The greatest building of the Byzantine world was the Hagia Sophia - the Church of Holy Wisdom. Designed by the architects Anthemius of Tralles and Isidorus of Miletus, construction of the third church was begun in A.D. 532, under the supervision of Emperor Justinian. The previous two churches had been burned down, the first in A.D. 404 by the angry supporters of the city's favorite preacher, John Chrysostom, after he was exiled by the Empress Eudoxia; the second during the infamous Nika (victory) revolt when 30 000 people were slaughtered in the hippodrome in front of the emperor's palace. Hagia Sophia is vast in size and significance. Though a museum since 1935, its 55 metre high central dome still calls worshippers to look up to the heavens, and its glittering mosaics move us to bow down before Christ, the judge and ruler of all. The Hagia's ability to humble the human heart is exemplified by the fact that the Emperor Justinian would take off his crown and unbuckle his weapons before entering the church to worship. In the presence of the eternal God even he was a man among equals.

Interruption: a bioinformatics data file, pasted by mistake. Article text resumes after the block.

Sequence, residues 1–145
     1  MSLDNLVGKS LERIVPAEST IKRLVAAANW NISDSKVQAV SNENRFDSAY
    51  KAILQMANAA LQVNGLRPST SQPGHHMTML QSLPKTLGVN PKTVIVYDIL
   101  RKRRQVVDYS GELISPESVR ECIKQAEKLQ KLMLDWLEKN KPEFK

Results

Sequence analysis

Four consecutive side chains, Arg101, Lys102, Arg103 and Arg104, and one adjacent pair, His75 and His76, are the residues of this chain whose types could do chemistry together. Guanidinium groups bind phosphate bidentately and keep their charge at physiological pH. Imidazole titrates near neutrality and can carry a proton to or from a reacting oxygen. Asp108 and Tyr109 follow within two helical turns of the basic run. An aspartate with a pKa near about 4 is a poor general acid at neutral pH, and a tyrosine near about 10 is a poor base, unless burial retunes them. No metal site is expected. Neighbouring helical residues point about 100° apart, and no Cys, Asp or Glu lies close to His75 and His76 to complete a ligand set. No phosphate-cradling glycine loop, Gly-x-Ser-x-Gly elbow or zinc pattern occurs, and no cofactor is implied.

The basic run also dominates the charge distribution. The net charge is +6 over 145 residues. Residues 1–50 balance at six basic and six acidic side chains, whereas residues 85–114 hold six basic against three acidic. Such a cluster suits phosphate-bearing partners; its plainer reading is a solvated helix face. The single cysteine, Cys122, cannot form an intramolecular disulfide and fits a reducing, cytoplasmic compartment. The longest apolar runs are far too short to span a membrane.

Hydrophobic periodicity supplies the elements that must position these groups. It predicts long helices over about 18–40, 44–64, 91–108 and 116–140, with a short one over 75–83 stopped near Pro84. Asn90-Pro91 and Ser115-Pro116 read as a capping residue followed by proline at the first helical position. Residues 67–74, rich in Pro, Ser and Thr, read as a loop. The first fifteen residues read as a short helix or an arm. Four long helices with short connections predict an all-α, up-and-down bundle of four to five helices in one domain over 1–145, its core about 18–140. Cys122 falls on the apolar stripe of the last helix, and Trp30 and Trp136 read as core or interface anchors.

While walking through that sanctuary today a tour member was overheard to say: 'I just took a selfie in Sophia.' Now taking photographs of historical places is natural, and inserting yourself into the breathtaking scenes is inevitable, but is there a cautionary tale in that caption? After all, humans are experts in promoting themselves. We crown ourselves with self-congratulation and blindly buckle on the weapon of self-defense to protect ourselves from any threat to our pride. And therein lies our problem! Unlike the Emperor Justinian, people believe they can nonchalantly whistle their way up to God, with no thought of dethroning their self before a greater, higher sovereign, the only wise God who opposes the proud and gives grace to the humble. Nor are they willing to unbuckle the weapons they use to keep God's searching and sanctifying Spirit from disturbing their selfish soul. "For this is what the high and exalted One says- he who lives forever, whose name is holy: 'I live in a high and holy place, but also with the one who is contrite and lowly in spirit, to revive the spirit of the lowly and to revive the heart of the contrite. (Isaiah 57:15) 'If you plan to build a tall house of virtues, you must first lay deep foundations of humlilty.' (Saint Augustine)